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Furniture maker collects $3.5 million from competitor for import duties settlement

An Indiana-based furniture company that filed a federal whistleblower lawsuit against a competitor for evading U.S. import duties on deliveries from China will collect $2.25 million as part of a settlement.

Separately, University Loft Company will receive an additional $1.3 million from Texas-based University Furnishings to resolve a lawsuit that University Loft filed in Texas state court, bringing the total it will receive from its competitor to $3.55 million.

University Furnishings allegedly classified imports from China as office and other types of furniture not subject to duties while selling the furniture in the student housing market for use in dormitory bedrooms.

University Loft first made the allegations in a lawsuit it filed under the qui tam or whistleblower provisions of the False Claims Act. Texas-based University Furnishings LP and its general partner, Freedom Furniture Group Inc., agreed to pay $15 million to resolve the FCA suit.

The False Claims Act allows whistleblowers to receive a share of any funds recovered through lawsuits they bring on behalf of the U.S. government. University Loft’s share of the FCA settlement was $2.25 million.

The United States assesses and collects antidumping duties to protect U.S. businesses by offsetting unfair foreign pricing and foreign government subsidies. 

“Companies that cheat, by fraudulently mislabeling their imports, undermine U.S. manufacturers and others that obey the rules, and hurt consumers and taxpayers,” U.S. Attorney Richard L. Durbin Jr. of the Western District of Texas said in a statement.

The False Claims Act lawsuit was United States ex rel. University Loft Company v. University Furnishings, LP, et al., No. A13-CV-678 (W.D. Tex.).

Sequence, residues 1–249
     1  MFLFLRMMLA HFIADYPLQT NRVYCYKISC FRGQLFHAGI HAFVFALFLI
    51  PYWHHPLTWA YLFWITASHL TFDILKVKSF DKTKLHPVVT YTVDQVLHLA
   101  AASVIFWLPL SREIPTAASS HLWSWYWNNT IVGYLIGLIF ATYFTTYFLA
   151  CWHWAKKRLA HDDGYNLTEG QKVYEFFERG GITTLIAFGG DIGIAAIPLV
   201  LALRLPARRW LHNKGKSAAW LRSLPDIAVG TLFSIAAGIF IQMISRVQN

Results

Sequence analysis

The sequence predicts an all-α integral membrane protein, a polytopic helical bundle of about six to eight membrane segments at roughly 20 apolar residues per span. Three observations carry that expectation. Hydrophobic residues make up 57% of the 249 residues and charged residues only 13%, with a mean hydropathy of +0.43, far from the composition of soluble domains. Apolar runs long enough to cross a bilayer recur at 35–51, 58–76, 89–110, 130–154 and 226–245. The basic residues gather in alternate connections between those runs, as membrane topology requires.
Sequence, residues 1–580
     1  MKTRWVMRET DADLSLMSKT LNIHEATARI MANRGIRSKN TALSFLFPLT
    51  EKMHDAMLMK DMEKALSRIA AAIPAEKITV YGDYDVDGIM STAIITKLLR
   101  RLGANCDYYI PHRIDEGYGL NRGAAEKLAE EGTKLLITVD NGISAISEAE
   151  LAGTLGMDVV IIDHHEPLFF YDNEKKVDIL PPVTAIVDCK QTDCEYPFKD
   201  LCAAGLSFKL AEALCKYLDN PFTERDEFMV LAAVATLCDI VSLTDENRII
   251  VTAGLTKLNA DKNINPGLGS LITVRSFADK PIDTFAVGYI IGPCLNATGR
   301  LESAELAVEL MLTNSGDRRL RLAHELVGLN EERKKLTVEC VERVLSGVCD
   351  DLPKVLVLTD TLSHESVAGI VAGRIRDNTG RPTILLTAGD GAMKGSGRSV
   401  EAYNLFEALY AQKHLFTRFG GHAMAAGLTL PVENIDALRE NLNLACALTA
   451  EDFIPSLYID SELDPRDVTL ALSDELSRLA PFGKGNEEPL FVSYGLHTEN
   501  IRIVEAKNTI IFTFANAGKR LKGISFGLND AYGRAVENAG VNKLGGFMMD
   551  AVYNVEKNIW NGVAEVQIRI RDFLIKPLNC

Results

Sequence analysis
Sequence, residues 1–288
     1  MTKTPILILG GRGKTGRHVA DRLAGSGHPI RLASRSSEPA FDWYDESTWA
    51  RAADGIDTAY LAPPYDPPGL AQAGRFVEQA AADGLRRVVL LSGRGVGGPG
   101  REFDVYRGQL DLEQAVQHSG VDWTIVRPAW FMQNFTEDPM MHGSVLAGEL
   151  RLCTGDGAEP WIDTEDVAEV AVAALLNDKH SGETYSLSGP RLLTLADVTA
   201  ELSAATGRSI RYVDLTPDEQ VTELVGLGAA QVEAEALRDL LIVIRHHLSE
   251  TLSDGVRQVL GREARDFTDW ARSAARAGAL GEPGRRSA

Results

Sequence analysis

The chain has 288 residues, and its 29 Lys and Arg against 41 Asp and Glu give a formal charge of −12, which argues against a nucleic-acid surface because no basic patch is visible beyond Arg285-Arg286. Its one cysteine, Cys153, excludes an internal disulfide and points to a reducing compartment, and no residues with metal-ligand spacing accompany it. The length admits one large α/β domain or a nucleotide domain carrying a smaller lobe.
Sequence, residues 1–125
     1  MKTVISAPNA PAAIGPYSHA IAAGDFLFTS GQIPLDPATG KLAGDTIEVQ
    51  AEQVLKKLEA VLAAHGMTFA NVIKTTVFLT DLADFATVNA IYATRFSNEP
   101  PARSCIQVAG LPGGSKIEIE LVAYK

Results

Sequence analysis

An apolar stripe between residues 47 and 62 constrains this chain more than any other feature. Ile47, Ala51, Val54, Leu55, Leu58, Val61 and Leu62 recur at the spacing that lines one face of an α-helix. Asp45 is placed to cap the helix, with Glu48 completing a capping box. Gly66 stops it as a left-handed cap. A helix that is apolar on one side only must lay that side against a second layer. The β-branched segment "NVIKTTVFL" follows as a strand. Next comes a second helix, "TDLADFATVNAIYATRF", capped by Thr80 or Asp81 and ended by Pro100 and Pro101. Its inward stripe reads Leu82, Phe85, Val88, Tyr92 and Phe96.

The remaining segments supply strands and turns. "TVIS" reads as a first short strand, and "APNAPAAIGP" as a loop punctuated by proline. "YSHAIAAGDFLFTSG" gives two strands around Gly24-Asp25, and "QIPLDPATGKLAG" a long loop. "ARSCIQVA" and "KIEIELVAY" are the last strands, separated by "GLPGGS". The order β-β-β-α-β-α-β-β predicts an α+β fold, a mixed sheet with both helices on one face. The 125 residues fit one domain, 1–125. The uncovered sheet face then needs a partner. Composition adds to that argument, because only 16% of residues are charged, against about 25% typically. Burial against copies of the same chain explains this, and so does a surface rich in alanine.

The DOJ said the claims resolved by the settlement were allegations only and there has been no determination of liability.


Richard L. Cassin is the publisher and editor of the FCPA Blog. He can be contacted here.

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  1. It should be noted that use of the FCA for misrepresentations made to Customs is not limited to anti-dumping or countervailing duty cases, although given the size of the remedial AD and CV duties, those are certainly the cases where misrepresentations can be the most rewarding and the GAO has issued several reports to the effect that Customs has not collected anywhere near the AD and CV duties actually owed by importers.

    The duty owed depends upon the classification of the imports on the Harmonized Tariff Schedule, the valuation, and the country of origin. Misrepresentation of any of these factors even with respect to goods not subject to AD or CV duties can result in an assessment of lower normal duties, at a loss to the Treasury and giving the importer making the misrepresentationan an unfair advantage over both domestic producers and importers who play by the rules.

    The customs regulations also contain provisions rewarding informants up to 25% of additional duties and penalties collected from importers who commit civil or criminal customs fraud.

    The plaintiffs' bar would do American workers a real service by bringing more qui tam actions for customs fraud.

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